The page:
Tweaking 4E – Advantages and Disadvantages

I’ve yet to get a game of DnDNext in. I’m chugging along with my Savage World’s treatment of Traveller. A few folks will be out of town for a while. I might try to run the playtest with a smaller group. However, I’ve been wanting to get back into a 4E game again.

I’ve really been thinking about tweaking with 4E to streamline some parts of it. I’m also thinking on going gridless. So there have been some things rolling around in my head as of late that I might try out for a few sessions.

One thing I definitely like about DnDNext is the concept of advantages and disadvantages. In a nutshell, a player rolls two d20s and either takes the higher or lower roll, depending on their state. 4E has a lot of temporary modifiers floating around during combat. So rather than fiddling with temporary bonuses to hit and defences, I like the idea of the advantage/disadvantage mechanic in DnDNext.

I’ve got a set of beads for baduk (Go) that I’ve used as markers to keep track of successes and failures in skill challenges. My plan is to use these beads as a simple way to keep track of bonuses for having an advantage (or suffering from a disadvantage).

As players use powers that give them a temporary bonus to hit, they place white beads near their targets. If the target has a bonus to their defenses, they use the other color beads. If either side has a higher total of beads, then that would translate to either an advantage (more white) or disadvantage (more black) to the player. In case of a tie, the player rolls to hit as normal.

Additional temporary bonuses to hit, or for defenses, would just be another bead added to the total. This is going to result in huge bonuses and penalties, even for a minor +1 to hit. However I am liking the idea of the big swings to allow more attacks (or possibly really hamper the player).

For marking conditions, monsters would have a disadvantage hitting other targets, but an advantage against the player that marked them. Something that will definitely add a nice bonus to other players, but be a meaningful hindrance to that defender. Granting combat advantage will also become a larger issue, really granting the enemy a tactical advantage doing so.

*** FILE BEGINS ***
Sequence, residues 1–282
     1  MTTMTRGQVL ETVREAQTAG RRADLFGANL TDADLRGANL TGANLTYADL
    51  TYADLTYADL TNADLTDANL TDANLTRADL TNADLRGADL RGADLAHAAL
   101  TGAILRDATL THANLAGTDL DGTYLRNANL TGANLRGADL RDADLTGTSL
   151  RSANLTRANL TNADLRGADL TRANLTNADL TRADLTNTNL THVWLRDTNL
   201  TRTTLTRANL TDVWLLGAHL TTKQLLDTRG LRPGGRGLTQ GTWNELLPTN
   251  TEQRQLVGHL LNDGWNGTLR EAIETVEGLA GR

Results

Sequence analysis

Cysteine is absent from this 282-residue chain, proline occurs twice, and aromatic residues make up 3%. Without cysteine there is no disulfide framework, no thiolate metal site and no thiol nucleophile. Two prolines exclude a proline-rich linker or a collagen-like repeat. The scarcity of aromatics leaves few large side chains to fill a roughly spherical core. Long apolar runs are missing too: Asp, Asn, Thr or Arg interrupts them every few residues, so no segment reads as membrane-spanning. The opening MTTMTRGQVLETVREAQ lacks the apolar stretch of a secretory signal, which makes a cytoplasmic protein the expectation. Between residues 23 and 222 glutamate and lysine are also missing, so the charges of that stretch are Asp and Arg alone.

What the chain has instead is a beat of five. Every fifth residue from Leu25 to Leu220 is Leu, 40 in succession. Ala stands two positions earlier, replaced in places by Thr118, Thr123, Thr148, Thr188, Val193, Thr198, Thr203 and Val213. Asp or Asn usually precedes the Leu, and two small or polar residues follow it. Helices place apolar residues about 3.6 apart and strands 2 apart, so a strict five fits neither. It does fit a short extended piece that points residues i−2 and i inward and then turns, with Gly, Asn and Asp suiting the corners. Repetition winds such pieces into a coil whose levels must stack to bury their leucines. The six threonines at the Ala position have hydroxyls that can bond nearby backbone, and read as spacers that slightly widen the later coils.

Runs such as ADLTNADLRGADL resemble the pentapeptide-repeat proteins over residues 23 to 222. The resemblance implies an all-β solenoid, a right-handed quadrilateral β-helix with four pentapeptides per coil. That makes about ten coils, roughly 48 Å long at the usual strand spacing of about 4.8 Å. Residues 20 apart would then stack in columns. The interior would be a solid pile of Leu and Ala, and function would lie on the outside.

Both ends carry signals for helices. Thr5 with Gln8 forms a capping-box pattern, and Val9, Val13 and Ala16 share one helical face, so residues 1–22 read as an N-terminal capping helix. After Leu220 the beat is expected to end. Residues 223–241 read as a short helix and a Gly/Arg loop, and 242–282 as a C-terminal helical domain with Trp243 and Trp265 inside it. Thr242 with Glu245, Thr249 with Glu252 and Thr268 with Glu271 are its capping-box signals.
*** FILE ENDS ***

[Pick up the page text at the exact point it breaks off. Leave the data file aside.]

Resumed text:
I’ve already altered how I handle critical hits in my game. Players do max damage on a natural 20. If they crit on any other number, they do at least ½ damage. It does curb the output on extended crits, but at least they are guaranteed not to do a trivial amount of damage. I’ve been toying with the idea of maybe allowing a reroll of damage and taking the highest total for extended crits, but I think that’s something that might slow down the game.

I’ll see how this works. It’s a major shift from straight up bonuses to trying to stack different temporary conditions. I like the idea of players and monsters going back and forth with temporary bonuses using simple markers, and it’s the side that works together as a team which will likely get the greatest benefit. Combat advantage, having an additional cover bonus, all these little +1’s could add up to a big effect. It’s something that will take a few games to play out, but I’m liking the idea.

EDIT: Sly Flourish has also visited the concept of advantages and disadvantages in 4E. He of course adheres to a regular schedule of posts, methodically setting up weeks of content that rolls out every week in a timely fashion, so you are offered a great post every Monday with your morning coffee. While I am a spaz that is all over the place when I post. He had the idea first. Check out his blog. It offers some great thoughts on advantages in 4E I think are really good, and are far more robust than the simple idea I have here.

Advertisements

Leave a Reply

Fill in your details below or click an icon to log in:

WordPress.com Logo

You are commenting using your WordPress.com account. Log Out / Change )

Twitter picture

You are commenting using your Twitter account. Log Out / Change )

Facebook photo

You are commenting using your Facebook account. Log Out / Change )

Google+ photo

You are commenting using your Google+ account. Log Out / Change )

Connecting to %s